Florence Broadhurst, Her secret & extraordinary lives
Growing up in a working class home during the late 1950s and early 1960s, wallpaper was all the rage. My sister and I retain a fondness for this inexpensive, decorative touch, even though we may employ less of it as we age. But, decades ago, we loved to pour through books and books of wallpaper designs when there were retail stores that specialized in this home accent, long ago.
This Australian woman born in 1899 seems to have been imbued, at birth, with a drive to create, unlike anyone I have ever read about. Beginning as a young girl, she created multiple, imaginative lives seemingly from nothing. With her family background rooted in the Australian cattle “wilderness called Mungy Station,” she became known across Europe and America as a stage presence singing and dancing with drag queens in the early 1920s to a Bond Street couturier known as Madame Pellier, along with a British accent.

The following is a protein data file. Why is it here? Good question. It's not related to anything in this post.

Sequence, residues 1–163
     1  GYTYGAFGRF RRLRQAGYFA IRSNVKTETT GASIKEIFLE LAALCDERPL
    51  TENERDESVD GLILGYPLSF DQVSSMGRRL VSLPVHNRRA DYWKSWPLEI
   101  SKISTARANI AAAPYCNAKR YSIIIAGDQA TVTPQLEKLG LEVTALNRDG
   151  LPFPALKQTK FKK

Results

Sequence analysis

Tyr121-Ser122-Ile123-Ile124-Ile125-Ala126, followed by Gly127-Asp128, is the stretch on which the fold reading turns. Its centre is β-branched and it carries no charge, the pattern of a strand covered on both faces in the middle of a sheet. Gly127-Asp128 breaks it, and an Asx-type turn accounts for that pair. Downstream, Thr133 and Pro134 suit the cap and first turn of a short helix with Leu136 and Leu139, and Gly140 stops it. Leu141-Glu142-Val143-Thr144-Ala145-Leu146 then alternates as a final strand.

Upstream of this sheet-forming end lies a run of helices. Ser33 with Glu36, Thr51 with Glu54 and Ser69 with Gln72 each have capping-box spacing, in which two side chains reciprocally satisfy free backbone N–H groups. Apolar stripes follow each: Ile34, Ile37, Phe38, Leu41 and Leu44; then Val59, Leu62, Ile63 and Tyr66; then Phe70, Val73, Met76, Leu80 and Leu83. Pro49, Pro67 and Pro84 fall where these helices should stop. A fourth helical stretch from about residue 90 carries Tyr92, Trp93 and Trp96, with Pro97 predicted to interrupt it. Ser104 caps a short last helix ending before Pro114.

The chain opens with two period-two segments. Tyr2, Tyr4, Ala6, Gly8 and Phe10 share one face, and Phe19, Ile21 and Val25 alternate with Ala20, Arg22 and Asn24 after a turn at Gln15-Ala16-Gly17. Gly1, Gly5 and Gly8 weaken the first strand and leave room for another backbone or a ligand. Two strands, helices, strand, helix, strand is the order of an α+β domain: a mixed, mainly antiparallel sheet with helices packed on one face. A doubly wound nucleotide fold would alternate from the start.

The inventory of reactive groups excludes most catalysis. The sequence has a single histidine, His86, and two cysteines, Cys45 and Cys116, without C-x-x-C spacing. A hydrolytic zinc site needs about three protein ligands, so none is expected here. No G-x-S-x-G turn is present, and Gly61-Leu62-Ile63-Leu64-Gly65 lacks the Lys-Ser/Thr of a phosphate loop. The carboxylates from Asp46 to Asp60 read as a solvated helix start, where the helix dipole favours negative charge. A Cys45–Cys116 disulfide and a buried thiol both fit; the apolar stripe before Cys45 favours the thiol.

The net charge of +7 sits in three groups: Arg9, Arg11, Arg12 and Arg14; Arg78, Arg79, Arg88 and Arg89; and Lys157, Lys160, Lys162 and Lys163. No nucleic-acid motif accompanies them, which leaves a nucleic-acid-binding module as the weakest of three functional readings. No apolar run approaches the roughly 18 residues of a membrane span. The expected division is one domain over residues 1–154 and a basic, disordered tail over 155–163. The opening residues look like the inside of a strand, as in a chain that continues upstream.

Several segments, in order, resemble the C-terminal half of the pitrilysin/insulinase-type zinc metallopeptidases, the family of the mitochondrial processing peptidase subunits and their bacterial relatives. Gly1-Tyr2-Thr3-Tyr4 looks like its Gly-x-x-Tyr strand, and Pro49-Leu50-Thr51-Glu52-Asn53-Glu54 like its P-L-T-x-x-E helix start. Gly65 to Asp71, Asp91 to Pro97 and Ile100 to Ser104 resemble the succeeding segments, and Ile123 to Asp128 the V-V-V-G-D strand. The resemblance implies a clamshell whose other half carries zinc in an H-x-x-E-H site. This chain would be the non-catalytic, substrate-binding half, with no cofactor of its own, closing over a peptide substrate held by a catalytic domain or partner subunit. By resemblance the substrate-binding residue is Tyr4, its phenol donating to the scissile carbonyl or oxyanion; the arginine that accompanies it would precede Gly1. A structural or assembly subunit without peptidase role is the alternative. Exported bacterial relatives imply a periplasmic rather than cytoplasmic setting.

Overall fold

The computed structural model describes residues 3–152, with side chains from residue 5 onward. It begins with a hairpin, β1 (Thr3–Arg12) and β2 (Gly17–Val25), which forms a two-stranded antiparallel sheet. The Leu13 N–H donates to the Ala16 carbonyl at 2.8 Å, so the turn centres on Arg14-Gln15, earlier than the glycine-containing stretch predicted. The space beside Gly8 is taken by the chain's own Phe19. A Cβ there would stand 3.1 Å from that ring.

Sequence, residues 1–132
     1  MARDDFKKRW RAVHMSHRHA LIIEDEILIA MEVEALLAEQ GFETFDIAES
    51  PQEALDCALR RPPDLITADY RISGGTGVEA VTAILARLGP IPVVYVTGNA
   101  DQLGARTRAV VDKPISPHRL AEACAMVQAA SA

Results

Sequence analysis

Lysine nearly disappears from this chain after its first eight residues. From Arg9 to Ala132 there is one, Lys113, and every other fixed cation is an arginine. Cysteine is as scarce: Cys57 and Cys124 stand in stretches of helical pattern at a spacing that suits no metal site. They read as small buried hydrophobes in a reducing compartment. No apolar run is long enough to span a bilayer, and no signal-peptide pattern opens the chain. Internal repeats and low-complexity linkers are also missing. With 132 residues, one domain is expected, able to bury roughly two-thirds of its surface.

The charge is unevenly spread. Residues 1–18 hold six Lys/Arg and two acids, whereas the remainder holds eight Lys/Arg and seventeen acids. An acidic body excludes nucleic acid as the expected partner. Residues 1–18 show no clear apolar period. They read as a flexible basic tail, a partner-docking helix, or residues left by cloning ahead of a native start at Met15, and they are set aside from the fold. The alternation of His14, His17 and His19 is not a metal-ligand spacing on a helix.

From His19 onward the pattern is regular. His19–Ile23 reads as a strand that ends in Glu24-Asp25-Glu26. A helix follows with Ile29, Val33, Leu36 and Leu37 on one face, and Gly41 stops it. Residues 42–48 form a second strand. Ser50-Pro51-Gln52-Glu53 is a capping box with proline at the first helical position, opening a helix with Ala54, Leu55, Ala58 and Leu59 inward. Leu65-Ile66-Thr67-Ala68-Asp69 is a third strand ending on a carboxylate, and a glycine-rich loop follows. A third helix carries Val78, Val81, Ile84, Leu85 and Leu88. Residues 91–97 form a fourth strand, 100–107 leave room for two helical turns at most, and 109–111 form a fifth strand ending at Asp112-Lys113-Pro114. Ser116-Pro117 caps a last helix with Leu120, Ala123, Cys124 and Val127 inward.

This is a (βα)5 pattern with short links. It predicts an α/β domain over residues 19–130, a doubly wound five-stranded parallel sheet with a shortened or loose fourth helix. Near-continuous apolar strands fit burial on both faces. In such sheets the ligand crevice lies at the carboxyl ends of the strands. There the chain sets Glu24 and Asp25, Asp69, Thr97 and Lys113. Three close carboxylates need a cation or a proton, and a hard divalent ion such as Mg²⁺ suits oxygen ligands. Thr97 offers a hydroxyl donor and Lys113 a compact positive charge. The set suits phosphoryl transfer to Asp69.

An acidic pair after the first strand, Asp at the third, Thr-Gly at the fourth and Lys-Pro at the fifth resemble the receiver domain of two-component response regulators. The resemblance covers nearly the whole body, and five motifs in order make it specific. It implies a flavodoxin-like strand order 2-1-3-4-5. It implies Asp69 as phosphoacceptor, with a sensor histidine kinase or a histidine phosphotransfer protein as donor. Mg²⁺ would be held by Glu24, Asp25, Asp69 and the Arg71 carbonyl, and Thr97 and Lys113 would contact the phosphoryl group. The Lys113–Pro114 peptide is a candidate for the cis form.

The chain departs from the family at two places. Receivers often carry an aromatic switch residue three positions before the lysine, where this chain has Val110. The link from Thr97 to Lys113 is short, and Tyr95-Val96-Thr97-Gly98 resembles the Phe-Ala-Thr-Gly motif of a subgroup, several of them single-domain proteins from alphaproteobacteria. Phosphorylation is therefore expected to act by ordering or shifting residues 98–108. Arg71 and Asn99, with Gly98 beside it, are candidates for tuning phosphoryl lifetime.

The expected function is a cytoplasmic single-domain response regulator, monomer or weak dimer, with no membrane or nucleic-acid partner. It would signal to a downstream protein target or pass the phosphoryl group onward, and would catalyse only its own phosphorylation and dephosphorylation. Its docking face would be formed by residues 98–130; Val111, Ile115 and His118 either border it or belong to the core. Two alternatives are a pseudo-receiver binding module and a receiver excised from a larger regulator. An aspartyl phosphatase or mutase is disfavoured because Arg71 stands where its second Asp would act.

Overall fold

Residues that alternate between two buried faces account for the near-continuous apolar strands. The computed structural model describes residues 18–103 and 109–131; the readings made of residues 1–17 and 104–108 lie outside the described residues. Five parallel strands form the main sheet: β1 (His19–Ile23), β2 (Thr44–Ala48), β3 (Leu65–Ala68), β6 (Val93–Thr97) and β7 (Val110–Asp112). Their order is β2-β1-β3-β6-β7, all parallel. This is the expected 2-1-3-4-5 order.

It is the wallpaper designs interspersed throughout this handsomely produced book, that move the story forward. Her last reinvention as a high-end wallpaper designer gives her life the gravitas and accolades deserved as their intricacies are explained with care and detail by O’Neill. The patterns are stunning. For an artist, this is where the story lies – her creativity, her formidable personality to promote and believe in her art form. Yet, her ending is as tragic as any mythological figure diminish does not diminish her contribution.